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Figure 2: Spatial distribution of supraglacial ponds as percent of May–October observations (n =68), also showing results for other lakes outside the debris-covered tongues (orange ellipses), 1999–2013.

 

One of the most important results is the seasonal variability of ponds, which controls the role they can play in a glacier’s mass balance.  Expect more news on that topic soon!

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Figure 3: Seasonal pattern of thawed pond cover as percent of observable debris-covered glacier area, with individual scenes coloured by year of observation (n =172) and dot tails highlighting the effect of a 34% overestimation of pond area. The solid black line is the monthly mean, with dashed lines showing the ± 1σ spread.

 

Evan Miles to start Post-Doc in Leeds

Finally, Evan has accepted a two-year research position at the University of Leeds to work with Dr Duncan Quincey, Dr Bryn Hubbard (Aberystwyth University), and Dr Ann Rowan (Sheffield University) as part of the NERC-funded EverDrill project. This is an exciting and ambitious effort to drill to the bed of Khumbu Glacier and install a sensor suite to understand englacial and subglacial processes, a first for the Himalaya, and a critical need identified by other MountainHydrology team members.  More project info can be found here.  Evan will continue to be peripherally involved in many MountainHydrology projects.

New paper: climate change impacts on upper Indus basin hydrology

The Indus is one of the most meltwater-dependent rivers on Earth, and hosts a large, rapidly growing population and the world’s largest irrigation scheme. Understanding the hydrology of the upper Indus basin is challenging. The Hindu Kush, Karakoram and Himalayan mountain ranges are difficult to access, hampering field measurements of meteorological, glaciological and hydrological processes. These processes are therefore still poorly understood. To make it more complex, climate change projections for the Indus basin show a very large spread. In our recent (open access) paper published in PLoS ONE we present hydrological projections for the 21st century in the upper Indus basin, based on a cryospheric-hydrological model forced with an ensemble of downscaled GCM outputs.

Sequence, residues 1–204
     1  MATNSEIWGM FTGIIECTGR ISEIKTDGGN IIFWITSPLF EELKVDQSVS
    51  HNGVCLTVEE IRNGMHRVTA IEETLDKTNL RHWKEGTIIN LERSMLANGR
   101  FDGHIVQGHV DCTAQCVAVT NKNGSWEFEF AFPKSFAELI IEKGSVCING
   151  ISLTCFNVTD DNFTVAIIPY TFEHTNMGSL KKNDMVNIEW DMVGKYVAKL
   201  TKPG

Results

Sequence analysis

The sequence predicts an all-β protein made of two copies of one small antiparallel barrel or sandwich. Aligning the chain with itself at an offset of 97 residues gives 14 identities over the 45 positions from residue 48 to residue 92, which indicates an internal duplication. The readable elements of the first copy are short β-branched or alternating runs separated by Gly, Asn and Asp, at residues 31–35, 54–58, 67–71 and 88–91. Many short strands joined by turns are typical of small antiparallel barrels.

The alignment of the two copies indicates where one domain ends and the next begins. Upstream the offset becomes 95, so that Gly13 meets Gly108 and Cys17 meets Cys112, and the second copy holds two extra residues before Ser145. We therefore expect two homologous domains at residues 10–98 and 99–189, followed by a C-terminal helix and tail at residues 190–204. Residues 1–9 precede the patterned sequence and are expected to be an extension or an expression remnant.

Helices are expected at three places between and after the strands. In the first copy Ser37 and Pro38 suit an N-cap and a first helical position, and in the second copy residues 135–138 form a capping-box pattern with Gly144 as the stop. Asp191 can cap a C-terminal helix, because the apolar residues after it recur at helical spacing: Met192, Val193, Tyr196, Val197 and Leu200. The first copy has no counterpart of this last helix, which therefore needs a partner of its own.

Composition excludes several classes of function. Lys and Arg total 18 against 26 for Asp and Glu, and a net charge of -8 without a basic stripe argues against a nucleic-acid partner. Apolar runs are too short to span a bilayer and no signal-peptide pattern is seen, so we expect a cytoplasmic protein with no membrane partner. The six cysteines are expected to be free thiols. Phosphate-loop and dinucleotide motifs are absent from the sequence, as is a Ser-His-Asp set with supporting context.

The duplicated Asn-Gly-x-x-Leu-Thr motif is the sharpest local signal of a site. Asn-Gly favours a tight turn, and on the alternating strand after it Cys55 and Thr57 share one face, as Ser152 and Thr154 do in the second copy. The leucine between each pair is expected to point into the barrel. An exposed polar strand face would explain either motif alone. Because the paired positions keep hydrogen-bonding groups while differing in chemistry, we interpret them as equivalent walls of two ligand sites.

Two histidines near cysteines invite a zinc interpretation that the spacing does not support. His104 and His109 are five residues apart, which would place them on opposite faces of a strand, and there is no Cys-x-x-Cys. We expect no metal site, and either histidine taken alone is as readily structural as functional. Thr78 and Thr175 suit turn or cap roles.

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The Hunza river in front of the Passu cones (upper Indus basin).

 

Three methodological advances are introduced:

  • A new precipitation dataset that corrects for the underestimation of high-altitude precipitation is used.
  • The model is calibrated using data on river runoff, snow cover and geodetic glacier mass balance.
  • An advanced statistical downscaling technique is used that accounts for changes in precipitation extremes.

sources

Our projections indicate decreases in glacier melt contribution in favor of snow melt and rainfall-runoff contribution to stream flow in the upper Indus basin, at the end of the 21st century.

 

The focus of the analysis in our study is not only on changes in sources of runoff and water availability but also on changes in seasonality and hydrological extremes, which are still large unknowns in the upper Indus basin. We conclude that the upper Indus basin faces a very uncertain future in terms of water availability towards the end of the 21st century. Despite the large uncertainties in future climate and water availability, basin-wide patterns and trends of intra-annual shifts in water availability are consistent across climate change scenarios. For the near future these trends mainly consist of minor increases in summer flows combined with increased flows during other seasons. For the far future the trends show decreases in summer flows combined with stronger increasing flows during the other seasons. Furthermore, increases in intensity and frequency of extreme discharges are found for most of the upper Indus basin and for most scenarios and models considered, implying increases in flooding events during the 21st century.

The study is presented at the AGU Fall meeting in San Francisco on Monday, 12 December 09:15 – 09:30, Moscone West – 3005

 

extremes

Analysis of future changes indicates increases in the frequency and magnitude of extreme flows for most of the UIB and most of the climate change scenarios.

New ICIMOD video on our Himalayan research

We know very little about glaciers in the high mountains. We know they’re shrinking and temperatures are rising faster at higher altitudes than anywhere else on the planet. But, due to extreme conditions and inaccessibility, we have much to learn. Detailed field measurements are being made on just twelve out of some 54,000 glaciers in the Himalayas. More measurements are needed because these glaciers feed the rivers people living down below rely on.

 


Directed and produced by Susan Hale Thomas